The Good

Stress is a major part of my life.  It always has been.  You know that phrase, “Don’t sweat the small stuff?”  Well, I do sweat the small the stuff.  And the big stuff.  And the medium stuff.  It just all stresses me out.  And I feel like for a 28 year old, I have a lot of things in my life to stress me out.  There’s my job, and my husband, and being a mom, and trying to focus on my career, and trying to take care of patients, and being an intern.  I mean, I think anyone would agree that I have things in my life that warrant a lot of stress.

But then I go to work.  I get in the elevator, I look down, and there is a small child riding in a wagon.  She is covered in blankets up to her face.  Her big eyes look up at me, and I can see that the rest of her face is covered in burns.  Really, really bad burns.  And it breaks my heart.

I go to see my first patient.  A patient recently diagnosed with cancer.  And I have to talk to his wife about his poor prognosis.  And deep down I know that he isn’t going to live much longer.  And it kills me.

But it puts things in perspective.  Every day I get perspective.  My life isn’t that bad.  It’s stressful, yes.  But it could be so much worse.  I have so, so many things in my life to be thankful for and to celebrate.  And those things should outweigh the bad.

People have told me before that I’m kind of pessimistic.  To which I always reply, “No, I’m realistic.”  Which is still true.  But sometimes the reality is not that good.  And the reality I live in is that everything is not always fine.  People get sick.  People die.  And it’s not fair.  But that’s reality.  So it’s hard to focus on the good sometimes.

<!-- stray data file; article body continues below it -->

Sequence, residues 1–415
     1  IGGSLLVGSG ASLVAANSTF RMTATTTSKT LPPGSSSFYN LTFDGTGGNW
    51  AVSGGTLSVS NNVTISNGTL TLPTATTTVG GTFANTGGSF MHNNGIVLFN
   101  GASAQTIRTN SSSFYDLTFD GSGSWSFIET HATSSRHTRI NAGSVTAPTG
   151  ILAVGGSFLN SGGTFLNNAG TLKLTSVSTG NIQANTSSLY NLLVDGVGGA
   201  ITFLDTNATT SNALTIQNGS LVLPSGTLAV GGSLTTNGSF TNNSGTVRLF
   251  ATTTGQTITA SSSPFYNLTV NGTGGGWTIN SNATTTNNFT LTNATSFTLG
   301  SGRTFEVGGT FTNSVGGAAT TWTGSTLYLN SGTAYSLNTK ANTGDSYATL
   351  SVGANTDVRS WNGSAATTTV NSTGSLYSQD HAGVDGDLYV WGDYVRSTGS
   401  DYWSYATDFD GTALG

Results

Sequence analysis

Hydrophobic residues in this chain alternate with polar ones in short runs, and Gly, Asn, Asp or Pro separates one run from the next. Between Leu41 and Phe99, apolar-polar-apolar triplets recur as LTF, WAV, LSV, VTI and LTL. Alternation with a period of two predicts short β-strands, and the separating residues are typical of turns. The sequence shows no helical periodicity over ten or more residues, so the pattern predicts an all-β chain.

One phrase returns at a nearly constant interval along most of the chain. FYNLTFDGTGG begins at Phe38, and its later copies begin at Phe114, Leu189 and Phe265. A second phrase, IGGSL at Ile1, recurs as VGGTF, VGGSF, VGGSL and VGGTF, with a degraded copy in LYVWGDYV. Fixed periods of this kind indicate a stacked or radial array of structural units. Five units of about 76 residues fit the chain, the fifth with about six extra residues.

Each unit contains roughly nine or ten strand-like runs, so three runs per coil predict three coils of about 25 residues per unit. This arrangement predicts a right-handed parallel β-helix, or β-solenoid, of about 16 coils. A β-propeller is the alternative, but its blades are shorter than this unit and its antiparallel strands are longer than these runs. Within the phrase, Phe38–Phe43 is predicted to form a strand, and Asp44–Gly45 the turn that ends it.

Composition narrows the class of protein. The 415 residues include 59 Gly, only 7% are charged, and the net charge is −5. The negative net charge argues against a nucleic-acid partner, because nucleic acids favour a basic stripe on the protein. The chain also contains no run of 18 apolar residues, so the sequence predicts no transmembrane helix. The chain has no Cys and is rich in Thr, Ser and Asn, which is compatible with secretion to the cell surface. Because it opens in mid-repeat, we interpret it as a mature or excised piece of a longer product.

I heard a speaker a few years ago who was speaking to medical students and residents about stress and staying positive.  And he recommended a simple daily exercise, which I still do to this day.  Every day on my way to work I tell myself three things:

1. I’m a good person.

2. I deserve good things.

3.Today is going to be a good day.

Those things don’t always end up being true.  Some days I make bad choices, and I’m not the best person I could be.  Some days aren’t good days.  There are really, really hard days.  But at least it reminds me that every day is a new day, and that anything can happen.

I would encourage you to try this in your own life.  No matter who you are or what you do, it’s important to focus on the good.  And even when reality sucks, you can still be optimistic.

Me in my TB hood that I wear if a patient could possibly have tuberculosis

Me in my TB hood that I wear if a patient could possibly have tuberculosis

 

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About emilyehoward

My name is Emily, and I am a first year Internal Medicine Resident in Phoenix, Arizona. I live with my husband Nicholas and my daughter Anika. And I hope you enjoy my blog!
This entry was posted in Doctor, Health Care, Medicine, Physician, Residency and tagged , . Bookmark the permalink.

One Response to The Good

  1. Shelly Chloupek says:

    Great post, Emily. Worrying is a sign that you care, and your patients and your family and everyone is lucky that you worry about them. And you are the daughter of a worrier so it probably comes naturally! Remember Philippians 4:6-7. Do not be anxious about anything, but in everything by prayer and petition, with thanksgiving, make your requests known to God. Then the peace of God that surpasses all understanding will guard your heart and mind.

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